As in so many socio-cultural phenomena, like End-of-the-Worlders, a number of streams come together and these people happen to be standing in the stream bed when the water comes. Some swallowed the Kool-Aid with Goldwater; others were converted when the government seized some property for taxes; and then there is Fox News and Rush Limbaugh. But many people have had bad experiences with bureaucrats and do not become anti-government. We need to look at how Fox-Limbaugh created a narrative that preachers and teachers could use to bring people into a state of mistrust. Once their mooring bollards are eaten through by termites, they feel cast loose in an ever more complexifying world and look for simple answers to relieve their anxiety. It is that old sense of displacement called alienation; psychiatrists were once called alienists.
As I read about the origins of Christian morality, I look for who these early Christians were. Who was attracted to this sect or cult, as we might say today? There was enough flotsam and jetsam in the Roman Empire to form a cadre of early Christians, but the religion also attracted numbers of well-placed people. Early in the Trump phenomenon, it was said he attracted the desperate, the poor, the uneducated, but serious scholarship uncovered evidence to the contrary. Income was around 70,000 a year; education was about average.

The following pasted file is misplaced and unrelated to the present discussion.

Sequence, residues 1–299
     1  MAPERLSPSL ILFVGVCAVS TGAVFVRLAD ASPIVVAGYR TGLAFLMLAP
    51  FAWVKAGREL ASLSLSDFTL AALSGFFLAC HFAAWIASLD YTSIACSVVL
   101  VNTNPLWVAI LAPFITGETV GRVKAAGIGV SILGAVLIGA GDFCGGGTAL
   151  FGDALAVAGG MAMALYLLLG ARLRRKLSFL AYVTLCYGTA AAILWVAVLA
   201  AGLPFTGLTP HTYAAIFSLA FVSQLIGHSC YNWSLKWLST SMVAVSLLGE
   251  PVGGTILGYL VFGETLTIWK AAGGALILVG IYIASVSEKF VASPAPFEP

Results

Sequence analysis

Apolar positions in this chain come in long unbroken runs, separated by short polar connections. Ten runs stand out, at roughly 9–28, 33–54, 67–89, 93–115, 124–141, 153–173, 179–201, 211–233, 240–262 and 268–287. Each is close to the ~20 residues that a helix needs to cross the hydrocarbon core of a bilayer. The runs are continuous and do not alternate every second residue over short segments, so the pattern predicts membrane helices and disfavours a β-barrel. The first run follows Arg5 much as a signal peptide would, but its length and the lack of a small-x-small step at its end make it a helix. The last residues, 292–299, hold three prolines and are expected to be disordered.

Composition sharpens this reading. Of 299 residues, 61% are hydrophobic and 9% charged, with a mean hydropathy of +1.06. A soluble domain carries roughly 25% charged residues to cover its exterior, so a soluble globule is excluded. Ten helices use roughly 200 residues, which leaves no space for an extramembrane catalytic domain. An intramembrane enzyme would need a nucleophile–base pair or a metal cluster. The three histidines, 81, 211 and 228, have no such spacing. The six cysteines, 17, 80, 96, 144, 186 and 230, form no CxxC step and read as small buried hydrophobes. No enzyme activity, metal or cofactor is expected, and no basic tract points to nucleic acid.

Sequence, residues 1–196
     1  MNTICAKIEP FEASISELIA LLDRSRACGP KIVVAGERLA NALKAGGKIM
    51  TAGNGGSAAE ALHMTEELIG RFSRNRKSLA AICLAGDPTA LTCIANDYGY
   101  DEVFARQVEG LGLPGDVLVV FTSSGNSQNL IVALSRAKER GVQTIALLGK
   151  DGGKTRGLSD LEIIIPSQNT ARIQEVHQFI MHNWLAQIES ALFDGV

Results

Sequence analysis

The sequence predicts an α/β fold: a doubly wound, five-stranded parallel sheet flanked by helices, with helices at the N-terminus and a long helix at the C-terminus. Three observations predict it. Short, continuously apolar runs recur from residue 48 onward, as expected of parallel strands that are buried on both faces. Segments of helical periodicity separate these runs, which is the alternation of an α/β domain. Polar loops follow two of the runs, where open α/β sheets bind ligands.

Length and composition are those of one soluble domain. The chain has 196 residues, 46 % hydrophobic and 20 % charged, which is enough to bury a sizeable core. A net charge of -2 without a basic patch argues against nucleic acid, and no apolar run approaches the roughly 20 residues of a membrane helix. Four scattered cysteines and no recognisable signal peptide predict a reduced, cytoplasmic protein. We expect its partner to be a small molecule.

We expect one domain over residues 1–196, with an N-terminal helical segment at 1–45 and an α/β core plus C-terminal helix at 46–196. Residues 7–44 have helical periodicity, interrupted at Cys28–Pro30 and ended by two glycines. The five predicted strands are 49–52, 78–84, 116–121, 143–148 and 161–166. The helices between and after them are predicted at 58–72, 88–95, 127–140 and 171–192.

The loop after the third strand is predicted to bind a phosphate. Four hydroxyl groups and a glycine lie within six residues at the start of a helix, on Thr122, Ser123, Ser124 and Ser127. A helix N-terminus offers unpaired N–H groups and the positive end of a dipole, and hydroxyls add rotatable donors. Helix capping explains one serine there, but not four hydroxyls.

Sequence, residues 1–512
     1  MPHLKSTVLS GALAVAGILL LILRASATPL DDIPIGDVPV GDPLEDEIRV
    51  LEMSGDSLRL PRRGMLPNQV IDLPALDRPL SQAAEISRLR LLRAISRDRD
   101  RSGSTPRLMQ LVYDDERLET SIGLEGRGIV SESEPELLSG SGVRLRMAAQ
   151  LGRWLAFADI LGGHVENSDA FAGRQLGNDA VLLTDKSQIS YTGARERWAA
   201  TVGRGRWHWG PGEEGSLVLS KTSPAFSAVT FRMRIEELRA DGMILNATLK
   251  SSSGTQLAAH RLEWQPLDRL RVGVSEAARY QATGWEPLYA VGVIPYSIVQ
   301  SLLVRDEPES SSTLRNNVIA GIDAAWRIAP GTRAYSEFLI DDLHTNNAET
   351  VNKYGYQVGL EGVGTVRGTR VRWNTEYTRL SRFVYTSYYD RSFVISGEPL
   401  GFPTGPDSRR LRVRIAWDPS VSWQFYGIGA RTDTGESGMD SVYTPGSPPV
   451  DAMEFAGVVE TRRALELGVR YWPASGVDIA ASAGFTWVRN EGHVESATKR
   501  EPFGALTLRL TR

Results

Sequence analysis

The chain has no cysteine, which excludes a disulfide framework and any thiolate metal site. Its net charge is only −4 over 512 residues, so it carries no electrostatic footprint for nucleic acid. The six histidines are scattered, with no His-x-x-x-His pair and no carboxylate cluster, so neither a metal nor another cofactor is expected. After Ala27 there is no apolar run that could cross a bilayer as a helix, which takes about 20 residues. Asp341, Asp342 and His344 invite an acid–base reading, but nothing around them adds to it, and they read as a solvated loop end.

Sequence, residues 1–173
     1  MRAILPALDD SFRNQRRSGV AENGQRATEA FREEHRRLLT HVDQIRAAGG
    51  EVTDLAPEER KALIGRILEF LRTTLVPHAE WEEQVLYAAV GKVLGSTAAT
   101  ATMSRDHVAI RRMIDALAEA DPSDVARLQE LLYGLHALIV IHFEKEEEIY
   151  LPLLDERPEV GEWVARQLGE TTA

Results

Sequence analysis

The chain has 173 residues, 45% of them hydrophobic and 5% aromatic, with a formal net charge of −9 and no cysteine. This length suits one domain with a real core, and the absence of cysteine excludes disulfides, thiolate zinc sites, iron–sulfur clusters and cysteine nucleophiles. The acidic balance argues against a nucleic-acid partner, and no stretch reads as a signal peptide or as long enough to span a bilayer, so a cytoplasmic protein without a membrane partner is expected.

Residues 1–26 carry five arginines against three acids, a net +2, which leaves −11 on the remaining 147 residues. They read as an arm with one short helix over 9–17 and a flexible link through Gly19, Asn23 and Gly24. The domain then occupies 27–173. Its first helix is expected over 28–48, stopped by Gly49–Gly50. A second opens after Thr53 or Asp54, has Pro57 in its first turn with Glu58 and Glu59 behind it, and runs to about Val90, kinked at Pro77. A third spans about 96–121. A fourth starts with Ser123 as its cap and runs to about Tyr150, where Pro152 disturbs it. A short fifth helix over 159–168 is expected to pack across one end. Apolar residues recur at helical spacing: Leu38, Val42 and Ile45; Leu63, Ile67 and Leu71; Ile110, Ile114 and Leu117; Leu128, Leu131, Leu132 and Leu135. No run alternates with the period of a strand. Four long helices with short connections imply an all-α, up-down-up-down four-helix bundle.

So were there trends? One was certainly Whiteness. Trump supporters are overwhelmingly White. Another was Republican Party identification. A lesser trend was age, with older Whites favoring Trump. And a history of voting, i.e. political activity. The theme of the disenchanted blue-collar voter or the fed-up non-voter or the surly segregationist did not quite capture the wave of people who voted for an obvious con-man, a person embodying all the sin an Evangelical was capable of imagining, a grifter who built tall buildings in a single bound, starred in a TV show, and hawked steaks, wine, and worthless degrees in a phony university……. the features incompatible with the Presidency are endless. But they voted with enthusiasm.
One thread I left out mentioned by many: they despised Hillary Clinton. Just teasing out all the threads in that tissue of lies would take another blog entry, but there were many liberals who felt the same way about her. I never understood that.
So all in all, here is the trend I see: people who are dissatisfied with what they see in the country even as their own lives aren’t so bad and who are open to explanations for their unease, specifically a target. Such targets are called scape goats, someone or something to pile their grievances on and their own complicity in the country going to hell in a hand basket.